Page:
Nebraska Sues Troubled Ethanol Plant

State Takes Legal Action Against Mead, Nebraska, Ethanol Plant

Todd Neeley
By  Todd Neeley , DTN Staff Reporter
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The state of Nebraska sued AltEn LLC on Monday after the company failed to rectify numerous environmental violations at its ethanol plant near Mead, Nebraska. (DTN file photo by Todd Neeley)

OMAHA (DTN) -- In a lawsuit filed Monday, the state of Nebraska asked a state court to order AltEn LLC to take actions to correct multiple environmental violations at the company's ethanol plant near Mead, Nebraska.

The complaint alleges violations of the Nebraska Environmental Protection Act, the Integrated Solid Waste Management Act, multiple violations of permit conditions and violations of an order from the Director of the Nebraska Department of Environment and Energy.

The state wants the court to order AltEn to properly dispose of pesticide-contaminated byproducts, including wet distillers grains and wastewater, from the 24-million-gallon plant to comply with state statutes and permit conditions and to pay penalties of $10,000 per day per violation of the Nebraska Environmental Protection Act.

AltEn had until Monday to remove distillers grains piles from the property. Nebraska Attorney General Doug Peterson said during a news conference on Monday that the action had not been taken even though the company had one year to do so.

"We're going to diligently enforce this," Peterson said.

"To me, this is one of the clear cases of a corporation coming in and failing at being a good partner with environmental standards that we have in Nebraska."

Last week, Nebraska Department of Environment and Energy Director Jim Macy canceled a scheduled meeting with Mead residents to discuss the situation.

On Monday, Nebraska Gov. Pete Ricketts said Macy was not allowed to attend the meeting because the lawsuit was in the works.

"This is a company that is terribly managed and has demonstrated that consistent lack of compliance with the directions of our environmental laws and our Department of Environment and Energy," Ricketts said.

Macy said his department has followed the process set out by state law in dealing with environmental concerns at AltEn.

AltEn did not respond to DTN's request for comment.

The state's lawsuit lays out a long timeline of actions taken to seek compliance from the company:….

"I understand that many Nebraskans have been frustrated by this ongoing situation, and our need to hold confidential and privileged enforcement information until this case could be filed," Macy said.

"We've heard your concerns. We take those seriously. We will continue to use all the tools at our disposal to protect Nebraska's health and the environment."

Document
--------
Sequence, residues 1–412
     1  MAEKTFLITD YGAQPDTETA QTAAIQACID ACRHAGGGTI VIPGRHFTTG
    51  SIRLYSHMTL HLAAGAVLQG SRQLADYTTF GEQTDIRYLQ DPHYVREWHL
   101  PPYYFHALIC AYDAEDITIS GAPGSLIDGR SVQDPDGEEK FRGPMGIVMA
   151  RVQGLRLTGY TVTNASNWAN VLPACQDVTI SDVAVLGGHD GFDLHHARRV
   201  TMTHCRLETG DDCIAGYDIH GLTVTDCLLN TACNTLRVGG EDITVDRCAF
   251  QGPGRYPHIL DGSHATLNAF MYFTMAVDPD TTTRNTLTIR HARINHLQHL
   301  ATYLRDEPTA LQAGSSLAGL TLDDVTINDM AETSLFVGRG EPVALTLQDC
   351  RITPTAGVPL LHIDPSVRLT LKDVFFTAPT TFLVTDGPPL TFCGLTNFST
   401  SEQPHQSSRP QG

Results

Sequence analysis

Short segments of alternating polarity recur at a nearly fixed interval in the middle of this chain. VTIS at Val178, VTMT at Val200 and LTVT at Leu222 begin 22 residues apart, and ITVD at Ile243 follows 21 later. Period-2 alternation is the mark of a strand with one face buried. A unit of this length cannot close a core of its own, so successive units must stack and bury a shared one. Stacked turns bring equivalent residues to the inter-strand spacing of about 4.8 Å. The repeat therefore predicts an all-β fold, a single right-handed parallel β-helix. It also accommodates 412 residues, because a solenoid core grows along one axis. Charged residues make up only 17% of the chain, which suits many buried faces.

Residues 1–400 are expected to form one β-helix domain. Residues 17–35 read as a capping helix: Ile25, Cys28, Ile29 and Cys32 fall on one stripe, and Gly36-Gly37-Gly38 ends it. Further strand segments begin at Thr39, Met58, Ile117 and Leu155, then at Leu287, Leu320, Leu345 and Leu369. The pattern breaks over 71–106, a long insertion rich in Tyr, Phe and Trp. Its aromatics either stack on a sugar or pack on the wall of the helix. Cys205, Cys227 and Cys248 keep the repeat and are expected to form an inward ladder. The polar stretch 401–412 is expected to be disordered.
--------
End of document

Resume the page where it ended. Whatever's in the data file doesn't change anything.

When the plant opened in 2007 under previous ownership, it was considered to be a crown jewel of environmental stewardship, a glimpse of the promise of a renewable energy future and an economic development tool for the village of Mead.

Now, the plant faces an uncertain future after a series of environmental violations has turned the plant into a community hardship.

AltEn shut down its plant in early February after the state ordered closure following numerous environmental violations (…).

After the plant shut down, thin stillage and manure was detected more than 4 miles downstream to the southeast of the plant after a pipe burst in a plant digester during a major cold snap (…).

The plant originally was designed to produce energy by combining manure collected with thin stillage from the adjacent 30,000-head Mead Cattle Company. The hot-liquid mixture was decomposed inside an anaerobic digester, where bacteria extracted methane-rich biogas that is used to fire the plant's ethanol boilers.

Traditional ethanol plants are fueled primarily by natural gas.

When AltEn took over ownership, it was permitted to produce ethanol using field corn as its primary feedstock. However, AltEn used discarded pesticide-treated seed corn rather than normal field corn.

As a result, the company produced wet distillers grain and wastewater contaminated with pesticides. In 2019, the Nebraska Department of Agriculture determined the distillers grains contained pesticides, and since then, AltEn has been prevented from land-applying the distillers grain as a soil conditioner.

The plant has three lagoons that hold contaminated wastewater.

The state said AltEn continues to have "significant stockpiles" of contaminated distillers grains and is operating the lagoons at "improperly high levels." The state's complaint said AltEn continues to store about 84,000 tons of distillers grains.

The state ordered AltEn to dispose of all the contaminated distillers grain and address the contaminated wastewater, but "AltEn has failed to adequately do so," the state said in a news release.

"AltEn has consistently missed deadlines and failed to complete actions required by NDEE to fix the environmental problems at the facility. The stockpiles of distillers grains and the poorly maintained lagoons present an ongoing threat to the environment."

Nebraska is the second-largest ethanol-producing state in the country behind Iowa, with 24 total operating ethanol plants.

Ricketts said the situation in Mead is not representative of the state's ethanol industry.

"Obviously, ethanol is an important industry here in our state," he said.

"We've got a lot of operators. All the other operators are working with Department of Environment and Energy on a regular basis, but this one is one of those ones that is not, and so it does not represent the ethanol industry in the state of Nebraska, as they are the ones that are mismanaged and not following the directions."

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Todd Neeley

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